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Can Crickets Come Through Vents? (And How to Get Rid of Them)

Can Crickets Come Through Vents? (And How to Get Rid of Them)

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Chances are that when you go outside at night during the warmer months of the year, you will hear the distinctive chirping of crickets. The sound that crickets make is one that most people know of, even if they don’t regularly see crickets.

This becomes a problem when you begin hearing the iconic cricket chirping coming from inside your home. Crickets, the same as most other insects, are pests and can cause damage to your house if they are not taken care of; as such, they do need to be taken care of.

If you know that you are hearing cricket chirps coming from inside the house, you might begin to wonder where they are coming from, especially if you are careful about leaving doors and windows closed when you know that it is insect season.

The truth is that there are many ways that crickets can enter your house, meaning that you have to be even more careful about them.

Typically, crickets will find a way to enter your home no matter what precautions you take, and the only real way to make sure that they can’t get into your home is if you live on the upper floor of an apartment in a city where crickets are not common.

Since this is not a feasible solution to cricket prevention, you should make sure that you are aware of how crickets can enter your home and what you should do if you find one inside.

How Do They Get in?

Cricket Indoors

Crickets are incredibly stubborn insects and will find a way into your house no matter how much you try and keep them out. They can get in your house through vents, windows, doors, foundations, crawl spaces, and especially basements.

If you are planning on making your home as sealed off to crickets as you can, you will want to try several different methods that apply to each of the different kinds of openings crickets go after. This includes investing in screens for windows, doors, and vents as well as making use of a caulking gun for openings in the foundation.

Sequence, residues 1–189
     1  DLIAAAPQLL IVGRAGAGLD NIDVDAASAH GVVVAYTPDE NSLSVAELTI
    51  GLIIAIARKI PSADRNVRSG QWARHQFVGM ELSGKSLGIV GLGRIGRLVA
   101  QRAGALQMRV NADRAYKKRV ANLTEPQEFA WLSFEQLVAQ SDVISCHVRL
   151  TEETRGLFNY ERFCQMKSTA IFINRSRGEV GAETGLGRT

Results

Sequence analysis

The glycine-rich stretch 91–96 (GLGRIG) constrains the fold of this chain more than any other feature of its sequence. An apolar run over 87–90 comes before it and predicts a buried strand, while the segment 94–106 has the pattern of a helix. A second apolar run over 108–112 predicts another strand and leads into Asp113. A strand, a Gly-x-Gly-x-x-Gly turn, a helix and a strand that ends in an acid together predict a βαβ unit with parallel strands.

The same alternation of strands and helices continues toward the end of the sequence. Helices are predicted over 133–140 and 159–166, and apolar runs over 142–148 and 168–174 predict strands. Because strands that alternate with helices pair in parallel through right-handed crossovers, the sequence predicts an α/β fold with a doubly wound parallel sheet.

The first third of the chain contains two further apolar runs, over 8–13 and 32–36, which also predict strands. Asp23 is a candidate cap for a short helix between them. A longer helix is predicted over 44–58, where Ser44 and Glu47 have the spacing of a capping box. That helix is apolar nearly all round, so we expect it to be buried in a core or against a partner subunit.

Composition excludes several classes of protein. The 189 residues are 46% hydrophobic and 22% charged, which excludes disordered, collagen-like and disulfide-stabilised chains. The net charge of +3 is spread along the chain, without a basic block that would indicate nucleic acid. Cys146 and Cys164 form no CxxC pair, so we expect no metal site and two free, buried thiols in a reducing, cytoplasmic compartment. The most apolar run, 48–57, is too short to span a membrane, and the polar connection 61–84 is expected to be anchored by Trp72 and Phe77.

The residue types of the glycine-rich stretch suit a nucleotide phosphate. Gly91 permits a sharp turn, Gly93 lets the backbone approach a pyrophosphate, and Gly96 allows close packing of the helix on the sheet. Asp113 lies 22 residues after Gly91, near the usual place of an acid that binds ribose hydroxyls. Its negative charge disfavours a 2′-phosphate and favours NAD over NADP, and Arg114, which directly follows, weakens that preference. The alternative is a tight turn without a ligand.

Chances are that if you have an entry point in your house, a cricket will use it to enter your house as your home will be comparatively warm and safe when you look at it against their usual outdoor habitat. With this being said, the three most common entry points for crickets are windows, doors, and vents.

To seal off these entrances to crickets, you will want to make use of insect screens, storm doors, and similar objects. These objects are designed to keep bugs and weather out of the house while still allowing for airflow, making them quite a good method of keeping crickets from entering when you want to have the windows open at night.

Crickets will also come in through cracks in the foundation and walls. They will also find a way into your home through the plumbing and electrical openings in your house as well as dryer vents.

For cracks in the foundation and walls, you will want to walk around the house and inspect it, using a caulking gun to seal up any and every opening that you can find. You may need to contact a professional if there are holes found in the walls that a cricket could access.

Crack in Foundation

There are products designed to safely seal plumbing and electrical openings that you can invest in if you want to be certain that crickets cannot enter the house through here, and there are also specialized dryer vent screens that you can safely use.

If your house has a crawl space, an attic, or a basement, you will need to be thorough about making sure that this is closed off as well, as these are prime entrance areas for crickets looking for a comfortable place to make their home during their most active seasons.

To make them less appealing to all insects, and not just crickets, you will want to try and keep those areas as dry as you can too.

It can be difficult to fully seal off crawl spaces, attics, and basements; however, with the use of a caulking gun and a keen eye, you can feel confident knowing that most areas of entry will be sealed off.

In a worst-case scenario, you can make sure that openings too large for a caulking gun are sealed or covered with furniture or another solid object that a cricket wouldn’t be able to get through.